With Arnold Schwarzenegger set to take office Monday, Republicans have been congratulating themselves for engineering the first recall of an American governor in 82 years. But it wasn't disaffected conservatives who tossed Gray Davis from office. It was liberals.
The real story of the recall lies in the collapse of support for Davis among the state's three pillars of Democratic politics -- legislators, liberal interest groups, and left-leaning voters -- who were so miffed by Davis' dogged centrism that they stood by while the right tore him to pieces. On election day, a quarter of self-identified liberals voted to oust their governor. And while Davis' machine-cold personality, mishandling of major crises and lack of a vision all contributed to his eventual fall, in the end, it was liberals who sealed his fate. This was a Democratic fragging.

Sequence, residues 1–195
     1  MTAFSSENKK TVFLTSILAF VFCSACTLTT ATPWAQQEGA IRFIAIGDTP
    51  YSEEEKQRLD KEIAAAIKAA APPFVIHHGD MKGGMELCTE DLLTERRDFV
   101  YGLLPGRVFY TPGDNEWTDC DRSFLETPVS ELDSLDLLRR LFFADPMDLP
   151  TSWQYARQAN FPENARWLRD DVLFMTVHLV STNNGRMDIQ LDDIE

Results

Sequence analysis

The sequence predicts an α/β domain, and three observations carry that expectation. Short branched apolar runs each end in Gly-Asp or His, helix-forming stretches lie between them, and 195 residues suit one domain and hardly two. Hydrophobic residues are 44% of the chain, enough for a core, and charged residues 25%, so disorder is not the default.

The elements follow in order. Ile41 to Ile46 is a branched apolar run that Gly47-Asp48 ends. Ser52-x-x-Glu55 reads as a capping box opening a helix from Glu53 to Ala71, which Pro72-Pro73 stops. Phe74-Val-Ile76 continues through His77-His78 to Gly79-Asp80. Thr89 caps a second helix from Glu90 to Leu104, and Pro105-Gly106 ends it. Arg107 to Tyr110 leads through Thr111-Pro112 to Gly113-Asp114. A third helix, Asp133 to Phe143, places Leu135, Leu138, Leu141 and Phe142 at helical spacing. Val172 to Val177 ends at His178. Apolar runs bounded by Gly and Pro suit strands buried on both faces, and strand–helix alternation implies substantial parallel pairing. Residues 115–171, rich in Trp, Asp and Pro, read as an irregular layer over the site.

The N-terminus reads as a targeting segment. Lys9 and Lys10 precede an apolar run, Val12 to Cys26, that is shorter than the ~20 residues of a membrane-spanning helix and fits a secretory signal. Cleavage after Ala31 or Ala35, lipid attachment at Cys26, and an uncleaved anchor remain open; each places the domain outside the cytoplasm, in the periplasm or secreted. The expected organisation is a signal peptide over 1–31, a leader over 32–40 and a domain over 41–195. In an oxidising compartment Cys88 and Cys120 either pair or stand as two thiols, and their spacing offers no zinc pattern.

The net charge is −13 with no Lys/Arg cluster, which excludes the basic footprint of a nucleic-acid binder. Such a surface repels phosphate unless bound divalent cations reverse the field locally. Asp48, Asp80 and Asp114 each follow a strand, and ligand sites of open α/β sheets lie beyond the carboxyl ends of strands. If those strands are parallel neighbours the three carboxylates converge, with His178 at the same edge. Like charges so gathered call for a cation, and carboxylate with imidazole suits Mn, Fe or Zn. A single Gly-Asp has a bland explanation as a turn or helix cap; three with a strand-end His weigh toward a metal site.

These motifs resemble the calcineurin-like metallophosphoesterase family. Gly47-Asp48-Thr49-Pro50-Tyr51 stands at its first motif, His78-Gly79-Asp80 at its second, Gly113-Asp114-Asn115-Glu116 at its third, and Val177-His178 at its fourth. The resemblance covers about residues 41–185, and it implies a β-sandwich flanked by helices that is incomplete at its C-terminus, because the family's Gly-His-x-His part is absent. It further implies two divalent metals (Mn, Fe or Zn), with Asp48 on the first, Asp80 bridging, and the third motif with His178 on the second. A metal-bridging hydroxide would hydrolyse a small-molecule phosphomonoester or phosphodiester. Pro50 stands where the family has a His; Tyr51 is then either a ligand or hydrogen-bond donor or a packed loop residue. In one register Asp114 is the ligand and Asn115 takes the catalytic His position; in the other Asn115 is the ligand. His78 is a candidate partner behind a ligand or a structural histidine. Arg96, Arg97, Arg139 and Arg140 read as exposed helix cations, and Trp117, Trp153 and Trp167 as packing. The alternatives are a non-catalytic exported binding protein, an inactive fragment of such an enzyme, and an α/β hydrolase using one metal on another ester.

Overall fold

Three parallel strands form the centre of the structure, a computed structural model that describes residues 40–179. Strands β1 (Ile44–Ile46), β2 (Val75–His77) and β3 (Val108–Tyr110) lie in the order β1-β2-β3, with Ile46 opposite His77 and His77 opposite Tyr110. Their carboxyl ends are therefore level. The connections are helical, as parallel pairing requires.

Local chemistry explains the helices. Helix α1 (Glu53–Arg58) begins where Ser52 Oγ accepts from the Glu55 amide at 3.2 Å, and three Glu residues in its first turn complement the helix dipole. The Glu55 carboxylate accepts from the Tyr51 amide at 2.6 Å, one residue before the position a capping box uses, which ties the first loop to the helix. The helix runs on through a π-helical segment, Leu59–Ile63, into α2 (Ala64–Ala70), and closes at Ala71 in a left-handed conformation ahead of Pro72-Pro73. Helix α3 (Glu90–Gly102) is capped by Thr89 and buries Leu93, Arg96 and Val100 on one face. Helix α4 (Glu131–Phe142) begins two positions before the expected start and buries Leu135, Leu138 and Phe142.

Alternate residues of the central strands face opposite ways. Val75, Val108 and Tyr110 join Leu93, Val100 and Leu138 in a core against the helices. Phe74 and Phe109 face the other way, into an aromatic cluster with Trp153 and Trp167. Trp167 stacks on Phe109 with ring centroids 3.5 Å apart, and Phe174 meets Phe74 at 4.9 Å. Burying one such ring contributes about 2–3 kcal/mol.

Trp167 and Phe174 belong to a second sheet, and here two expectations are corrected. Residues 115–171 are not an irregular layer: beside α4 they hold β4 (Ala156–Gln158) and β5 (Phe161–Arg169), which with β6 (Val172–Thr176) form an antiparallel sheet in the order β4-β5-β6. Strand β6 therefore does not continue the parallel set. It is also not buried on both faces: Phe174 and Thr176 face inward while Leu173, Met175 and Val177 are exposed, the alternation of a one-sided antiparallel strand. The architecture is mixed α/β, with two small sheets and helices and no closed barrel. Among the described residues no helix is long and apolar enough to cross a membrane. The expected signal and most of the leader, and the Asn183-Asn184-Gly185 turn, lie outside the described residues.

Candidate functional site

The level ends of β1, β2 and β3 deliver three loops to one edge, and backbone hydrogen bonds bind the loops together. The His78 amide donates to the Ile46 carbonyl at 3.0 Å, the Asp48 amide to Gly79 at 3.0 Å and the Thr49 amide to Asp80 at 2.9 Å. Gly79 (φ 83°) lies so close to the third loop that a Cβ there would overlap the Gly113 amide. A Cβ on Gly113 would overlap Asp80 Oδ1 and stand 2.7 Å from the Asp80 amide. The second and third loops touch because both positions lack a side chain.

And it may not be the last. In California as elsewhere, liberals and centrists are fighting for the soul of the Democratic Party. The GOP has taken control of the governorship as a result of this infighting, but also because the California electorate is too politically volatile to ever support untrammeled liberalism. That's a good thing. Centrism isn't simply an electoral strategy or a sellout to the right, but a viable set of ideas for how government can realize progressive ideals. If Democrats can't accept this, the state will almost certainly drift into the hands of the Republicans.